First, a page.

Thursday, September 22, 2011

Commonalities Among Computing Professionals Who Work for Good

I am performing a final review of the the production text of my book on socially beneficial uses of computing (officially: Computers and Society: Computing For Good).  The computing topics range all across the discipline of computer science (high performance computing to social media) and the non-computing topics are as diverse as saving endangered sea turtles, medical informatics and educational software for children with disabilities.  Several years in the writing, I met on this journey either virtually or in person, dozens and dozens of people. Looking back on all these wonderful encounters I am struck once again by the commonalities among them. 

1. Passion. More than anything else, the people who shared their stories (and those of their organizations) with me felt that their work was more than a job. Again and again I heard about how the cause they worked towards (earthquake prediction, identifying best practices recommendations for infant care, poverty alleviation) gave a sense of purpose above and beyond a paycheck. When things got tough, their passion for helping people or the environment supported them.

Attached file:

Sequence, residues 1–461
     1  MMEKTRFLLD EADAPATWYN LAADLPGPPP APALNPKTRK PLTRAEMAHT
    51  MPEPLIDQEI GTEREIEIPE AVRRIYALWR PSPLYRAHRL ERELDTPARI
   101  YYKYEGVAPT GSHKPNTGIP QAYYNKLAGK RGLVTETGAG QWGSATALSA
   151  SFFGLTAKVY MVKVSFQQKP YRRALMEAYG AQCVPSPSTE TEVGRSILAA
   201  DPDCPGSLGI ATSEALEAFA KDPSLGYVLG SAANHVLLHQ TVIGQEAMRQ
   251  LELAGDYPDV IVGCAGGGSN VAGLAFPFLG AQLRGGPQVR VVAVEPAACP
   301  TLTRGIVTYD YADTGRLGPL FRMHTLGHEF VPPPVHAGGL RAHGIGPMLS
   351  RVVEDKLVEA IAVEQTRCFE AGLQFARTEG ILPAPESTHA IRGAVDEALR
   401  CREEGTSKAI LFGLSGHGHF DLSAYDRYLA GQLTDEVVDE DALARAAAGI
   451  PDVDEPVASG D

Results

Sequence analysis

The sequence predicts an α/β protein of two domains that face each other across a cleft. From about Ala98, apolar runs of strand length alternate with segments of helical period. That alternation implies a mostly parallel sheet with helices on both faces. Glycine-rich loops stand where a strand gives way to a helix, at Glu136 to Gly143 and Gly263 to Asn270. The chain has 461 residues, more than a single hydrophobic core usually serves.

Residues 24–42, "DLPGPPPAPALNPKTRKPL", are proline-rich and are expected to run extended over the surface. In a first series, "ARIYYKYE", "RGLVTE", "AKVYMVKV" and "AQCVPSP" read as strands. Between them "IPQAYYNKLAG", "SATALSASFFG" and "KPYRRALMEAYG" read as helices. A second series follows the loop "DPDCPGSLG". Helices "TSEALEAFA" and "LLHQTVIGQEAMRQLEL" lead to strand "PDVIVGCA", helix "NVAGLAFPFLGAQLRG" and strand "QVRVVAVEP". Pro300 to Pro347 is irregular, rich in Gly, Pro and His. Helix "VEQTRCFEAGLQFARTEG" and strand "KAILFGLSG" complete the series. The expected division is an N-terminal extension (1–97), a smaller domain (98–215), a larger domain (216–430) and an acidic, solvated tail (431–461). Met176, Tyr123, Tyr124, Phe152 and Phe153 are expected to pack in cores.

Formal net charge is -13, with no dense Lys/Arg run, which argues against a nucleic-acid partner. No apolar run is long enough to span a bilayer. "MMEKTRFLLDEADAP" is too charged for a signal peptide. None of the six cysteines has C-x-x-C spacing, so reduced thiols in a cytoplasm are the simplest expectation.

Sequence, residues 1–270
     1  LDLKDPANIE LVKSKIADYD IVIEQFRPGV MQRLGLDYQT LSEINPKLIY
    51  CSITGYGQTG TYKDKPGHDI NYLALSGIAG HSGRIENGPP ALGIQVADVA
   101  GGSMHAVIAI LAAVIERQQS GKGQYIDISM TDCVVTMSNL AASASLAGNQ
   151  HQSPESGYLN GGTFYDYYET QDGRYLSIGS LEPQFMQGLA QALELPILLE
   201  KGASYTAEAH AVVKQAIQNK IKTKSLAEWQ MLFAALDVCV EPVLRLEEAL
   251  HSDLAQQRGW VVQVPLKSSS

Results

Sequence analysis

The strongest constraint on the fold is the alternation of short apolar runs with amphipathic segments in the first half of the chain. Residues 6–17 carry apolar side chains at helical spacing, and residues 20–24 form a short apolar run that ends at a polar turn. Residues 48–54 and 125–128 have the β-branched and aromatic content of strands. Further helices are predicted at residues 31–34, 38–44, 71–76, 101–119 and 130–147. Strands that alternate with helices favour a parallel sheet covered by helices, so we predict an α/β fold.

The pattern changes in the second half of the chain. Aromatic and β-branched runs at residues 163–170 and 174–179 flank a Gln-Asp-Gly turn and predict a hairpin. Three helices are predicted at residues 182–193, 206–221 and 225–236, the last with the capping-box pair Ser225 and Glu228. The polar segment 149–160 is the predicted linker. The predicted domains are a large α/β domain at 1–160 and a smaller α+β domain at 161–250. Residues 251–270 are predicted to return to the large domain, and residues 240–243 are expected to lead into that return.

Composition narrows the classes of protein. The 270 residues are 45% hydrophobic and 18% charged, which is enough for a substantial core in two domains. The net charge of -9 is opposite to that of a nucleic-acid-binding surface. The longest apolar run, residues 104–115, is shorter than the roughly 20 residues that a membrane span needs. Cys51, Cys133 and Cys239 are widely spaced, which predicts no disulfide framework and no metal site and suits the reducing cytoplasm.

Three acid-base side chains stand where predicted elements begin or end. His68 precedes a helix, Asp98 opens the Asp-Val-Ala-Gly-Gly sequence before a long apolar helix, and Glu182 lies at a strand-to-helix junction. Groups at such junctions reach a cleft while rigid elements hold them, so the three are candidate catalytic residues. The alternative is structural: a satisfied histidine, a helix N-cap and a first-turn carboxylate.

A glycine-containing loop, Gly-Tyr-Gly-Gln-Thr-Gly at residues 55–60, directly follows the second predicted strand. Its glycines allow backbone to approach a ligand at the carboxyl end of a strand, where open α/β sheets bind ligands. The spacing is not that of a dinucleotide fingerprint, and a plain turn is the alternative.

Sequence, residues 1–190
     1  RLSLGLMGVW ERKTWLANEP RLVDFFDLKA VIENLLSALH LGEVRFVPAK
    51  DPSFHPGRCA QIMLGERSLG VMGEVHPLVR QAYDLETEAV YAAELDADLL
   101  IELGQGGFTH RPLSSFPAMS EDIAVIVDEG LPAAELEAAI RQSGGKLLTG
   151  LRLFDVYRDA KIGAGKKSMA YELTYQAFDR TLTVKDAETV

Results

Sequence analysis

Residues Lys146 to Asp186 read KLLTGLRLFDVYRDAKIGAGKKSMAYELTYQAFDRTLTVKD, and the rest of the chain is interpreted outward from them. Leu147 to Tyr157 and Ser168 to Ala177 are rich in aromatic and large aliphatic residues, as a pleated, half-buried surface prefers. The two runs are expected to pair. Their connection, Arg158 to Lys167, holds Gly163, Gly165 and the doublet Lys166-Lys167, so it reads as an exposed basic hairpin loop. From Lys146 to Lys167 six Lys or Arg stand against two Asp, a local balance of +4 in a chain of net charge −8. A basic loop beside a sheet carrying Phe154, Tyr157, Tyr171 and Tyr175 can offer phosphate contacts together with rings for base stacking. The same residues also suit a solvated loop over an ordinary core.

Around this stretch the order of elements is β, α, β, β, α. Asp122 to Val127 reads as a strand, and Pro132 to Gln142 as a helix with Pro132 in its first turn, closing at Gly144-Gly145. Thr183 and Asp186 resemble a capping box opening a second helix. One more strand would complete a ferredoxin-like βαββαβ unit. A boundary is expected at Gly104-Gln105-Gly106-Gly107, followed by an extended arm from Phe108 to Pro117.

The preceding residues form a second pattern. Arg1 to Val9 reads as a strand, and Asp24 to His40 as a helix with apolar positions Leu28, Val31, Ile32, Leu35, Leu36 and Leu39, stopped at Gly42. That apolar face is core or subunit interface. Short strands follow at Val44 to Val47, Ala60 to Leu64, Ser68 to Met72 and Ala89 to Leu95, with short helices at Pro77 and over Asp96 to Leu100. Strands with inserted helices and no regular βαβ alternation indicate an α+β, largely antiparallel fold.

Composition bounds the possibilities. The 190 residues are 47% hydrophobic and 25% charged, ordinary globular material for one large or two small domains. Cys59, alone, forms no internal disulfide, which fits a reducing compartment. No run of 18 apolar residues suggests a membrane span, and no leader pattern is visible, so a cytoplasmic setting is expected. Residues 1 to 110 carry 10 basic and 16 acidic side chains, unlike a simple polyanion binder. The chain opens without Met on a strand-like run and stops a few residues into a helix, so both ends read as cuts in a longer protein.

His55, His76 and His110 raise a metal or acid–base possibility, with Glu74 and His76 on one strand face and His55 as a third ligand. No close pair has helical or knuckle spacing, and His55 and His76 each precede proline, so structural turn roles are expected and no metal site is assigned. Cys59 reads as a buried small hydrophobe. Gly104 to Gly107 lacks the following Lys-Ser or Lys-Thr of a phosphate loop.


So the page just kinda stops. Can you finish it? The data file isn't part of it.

2. Risk Takers. As many books on innovation in business have documented, a willingness to take risks, experience setbacks or even failures, is absolutely necessary. Some people I met had abandoned secure positions to follow their dreams, or within their current careers they strategically stuck their necks out to convince others that their ideas were sound and worthy of support. Again and again. Technically and non-technically. Risk taking, dealing with the inevitable setbacks by getting up and moving forward are an ingrained trait in many of the people who are doing the greatest good with computing.

3. Curious and Open Minded. A common reaction to being a risk taker (whether in the world of computing innovation or elsewhere) is to face and go beyond those who say "it can't be done" or "this is not the time". In fact, as the interdisciplinary computing pioneers I met demonstrated, you need to let these critiques roll off. Instead, keep asking questions, gathering information and recognize there is rarely only one way to solve a problem. In fact, the more that conventional wisdom says this is so, the less likely it is to be true.

4. Keep Technically Current and Constantly Learn. Just as I had the privilege and necessity of diving deep into the world of mobile devices, computer security and other areas of computing, the people who are highly effective and innovative with their socially beneficial projects are continuously studying. Not necessarily (or usually) through formal education, but through reading, experimenting, sharing, and just plain digging into material further than they "had to".

Perhaps more than anything else, the computing and non-computing professionals knew themselves well, and knew what their dreams were. They made a personal commitment to pursue those dreams.

If you are reading this, it is likely you have a desire to "do good" with computing. Do you know what your dreams are and are you pursuing them?

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